There has been a lot of speculation (mainly in the press, although it hasn’t been exclusively limited to them) about the future of Carlo Ancelotti, and whether he is likely to see out the remaining year of his contract at Chelsea.
I’ll put my hands up here and say I’m ambivalent. One on the one hand, I like Carletto very much as a person.
On the other hand, however, I do worry about his seeming inability to take action to change the game; substitutions that have occurred too late or not at all, the lack of galvanisation of the players from the touchline.
I don’t want to see our favourite Fat Spanish Waiter take over the reins. I’m sure there are plenty of other managers who could get the best out of Fernando. Guus – that would be fantastic, yet I think we’re all basing our love for him on his splendidly successful interregnum after the howling wilderness that was the brief Scolari era.
There are no guarantees that Guus having a second go would produce a Premiership winning season or indeed the longed-for CL triumph.
Zola – better to leave us with our memories of a club legend. We don’t want them tarnished by a managerial failure.
Van Basten – unknown quantity, may bring attractive football, but no real track record.
There is however, one manager that I would not be happy to see return; Jose. Now I know that there are many people out there who would love to see him back, but there are good reasons against it.
Firstly, what our friends in Japan refer to as “face”. If Jose was to return to CFC, this would potentially give Roman a future disadvantage in business as he would then be seen to be someone who changes his mind. If you are a hardcore businessman, this is the worst possible thing you can do as it lays you open to accusations of weakness. Not something our beloved oligarch would wish to encourage.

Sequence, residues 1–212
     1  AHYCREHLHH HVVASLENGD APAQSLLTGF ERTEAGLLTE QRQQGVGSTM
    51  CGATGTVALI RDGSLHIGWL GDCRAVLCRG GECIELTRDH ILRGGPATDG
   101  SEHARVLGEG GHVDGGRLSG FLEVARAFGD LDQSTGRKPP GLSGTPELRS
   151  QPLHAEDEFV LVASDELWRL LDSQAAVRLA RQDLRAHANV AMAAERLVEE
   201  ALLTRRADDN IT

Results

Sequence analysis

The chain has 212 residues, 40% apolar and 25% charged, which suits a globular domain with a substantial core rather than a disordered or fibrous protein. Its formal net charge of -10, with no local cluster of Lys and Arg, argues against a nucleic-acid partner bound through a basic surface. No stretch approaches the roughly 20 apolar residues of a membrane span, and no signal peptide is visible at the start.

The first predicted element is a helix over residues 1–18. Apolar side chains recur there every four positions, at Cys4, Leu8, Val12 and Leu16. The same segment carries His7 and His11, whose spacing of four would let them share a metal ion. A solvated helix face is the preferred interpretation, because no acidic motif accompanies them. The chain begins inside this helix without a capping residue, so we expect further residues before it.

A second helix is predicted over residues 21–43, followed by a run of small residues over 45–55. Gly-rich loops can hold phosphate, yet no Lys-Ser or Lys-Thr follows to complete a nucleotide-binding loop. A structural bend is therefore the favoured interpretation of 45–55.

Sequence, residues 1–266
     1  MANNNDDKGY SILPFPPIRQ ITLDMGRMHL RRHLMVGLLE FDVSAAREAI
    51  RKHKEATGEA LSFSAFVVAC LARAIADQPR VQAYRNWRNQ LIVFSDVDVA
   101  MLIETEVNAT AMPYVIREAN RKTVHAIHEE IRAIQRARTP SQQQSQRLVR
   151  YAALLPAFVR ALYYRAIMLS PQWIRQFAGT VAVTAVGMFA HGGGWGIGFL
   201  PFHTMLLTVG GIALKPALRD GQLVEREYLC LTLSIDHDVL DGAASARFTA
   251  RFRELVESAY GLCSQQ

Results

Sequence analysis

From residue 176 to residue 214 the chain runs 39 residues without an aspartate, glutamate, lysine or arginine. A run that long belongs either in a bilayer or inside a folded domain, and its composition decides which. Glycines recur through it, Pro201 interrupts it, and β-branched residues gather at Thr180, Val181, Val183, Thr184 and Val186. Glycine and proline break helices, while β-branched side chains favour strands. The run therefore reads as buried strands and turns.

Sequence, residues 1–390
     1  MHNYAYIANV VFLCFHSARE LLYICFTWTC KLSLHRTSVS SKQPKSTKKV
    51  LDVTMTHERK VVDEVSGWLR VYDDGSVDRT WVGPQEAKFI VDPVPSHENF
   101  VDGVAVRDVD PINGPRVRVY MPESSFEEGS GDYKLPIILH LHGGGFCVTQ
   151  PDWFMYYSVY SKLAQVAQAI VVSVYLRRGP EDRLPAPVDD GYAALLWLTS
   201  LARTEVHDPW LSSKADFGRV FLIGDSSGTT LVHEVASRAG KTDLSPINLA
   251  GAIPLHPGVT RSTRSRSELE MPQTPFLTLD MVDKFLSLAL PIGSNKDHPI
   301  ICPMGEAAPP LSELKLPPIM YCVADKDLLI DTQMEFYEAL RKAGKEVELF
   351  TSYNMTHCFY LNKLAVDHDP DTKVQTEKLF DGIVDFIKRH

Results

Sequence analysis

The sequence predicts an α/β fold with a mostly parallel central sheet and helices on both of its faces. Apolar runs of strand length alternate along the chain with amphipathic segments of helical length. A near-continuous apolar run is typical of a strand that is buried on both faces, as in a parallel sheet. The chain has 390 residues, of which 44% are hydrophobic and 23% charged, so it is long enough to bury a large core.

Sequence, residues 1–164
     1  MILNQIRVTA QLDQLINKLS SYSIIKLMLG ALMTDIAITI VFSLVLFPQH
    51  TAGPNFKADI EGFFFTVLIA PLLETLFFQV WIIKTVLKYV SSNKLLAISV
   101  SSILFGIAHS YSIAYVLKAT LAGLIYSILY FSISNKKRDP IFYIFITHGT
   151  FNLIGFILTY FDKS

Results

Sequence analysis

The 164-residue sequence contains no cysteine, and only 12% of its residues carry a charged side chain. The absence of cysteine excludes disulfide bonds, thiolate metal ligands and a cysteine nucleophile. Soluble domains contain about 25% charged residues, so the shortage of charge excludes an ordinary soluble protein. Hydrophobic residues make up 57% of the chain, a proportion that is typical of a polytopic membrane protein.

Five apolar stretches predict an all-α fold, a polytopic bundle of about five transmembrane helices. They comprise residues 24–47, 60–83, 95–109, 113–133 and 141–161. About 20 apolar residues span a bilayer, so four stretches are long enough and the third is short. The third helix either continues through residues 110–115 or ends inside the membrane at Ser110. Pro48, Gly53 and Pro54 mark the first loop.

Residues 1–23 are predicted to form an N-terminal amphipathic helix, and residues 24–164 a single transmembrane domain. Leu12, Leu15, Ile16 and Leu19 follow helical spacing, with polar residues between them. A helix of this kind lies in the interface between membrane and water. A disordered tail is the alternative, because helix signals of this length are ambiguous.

Secondly, the style of football. The best memories we have of JM was in that first, honeymoon season of 2004-2005. When Robben and Duff were at their best; when JFH and Eidur were the most potent strike force in Britain, if not in Europe; when JT and Frank were in their early prime. After that, it was downhill, ending with the dreadful 1-1 draw against Rosenborg which marked the end of Jose’s tenure.
And thirdly, and perhaps the most important. Because when he left Chelsea, our club was in the gutter. We were up before the FA every month for failing to control our players (hence the joke that the FA were using us to help pay for Wembley because of the fines imposed), and we had a points deduction hanging over us for tapping up Ashley Cole.
No-one outside Stamford Bridge had a good word to say for us. Succeeding managers have managed to pull that round to the point where there is not the level of hate against us that there was between 2005-2007, and certainly not the level of bile directed against us by the media. I have said half-seriously that if JM returns I will give up my season ticket, but as UEFA will be throwing the book at him after last night, any club wanting to employ a manager who is serving a one-year European touchline ban.
Jose is like a tempestuous love affair. Totally involving whilst you’re in it, but once it’s over and you’re facing the cold light of day and raking over the ashes of what was, you start to wonder what you saw in him.
Rather as Elizabeth Bennet in Pride & Prejudice viewed the departure of Wickham for the militia camp in Brighton, my feeling is also “I would not wish you back”.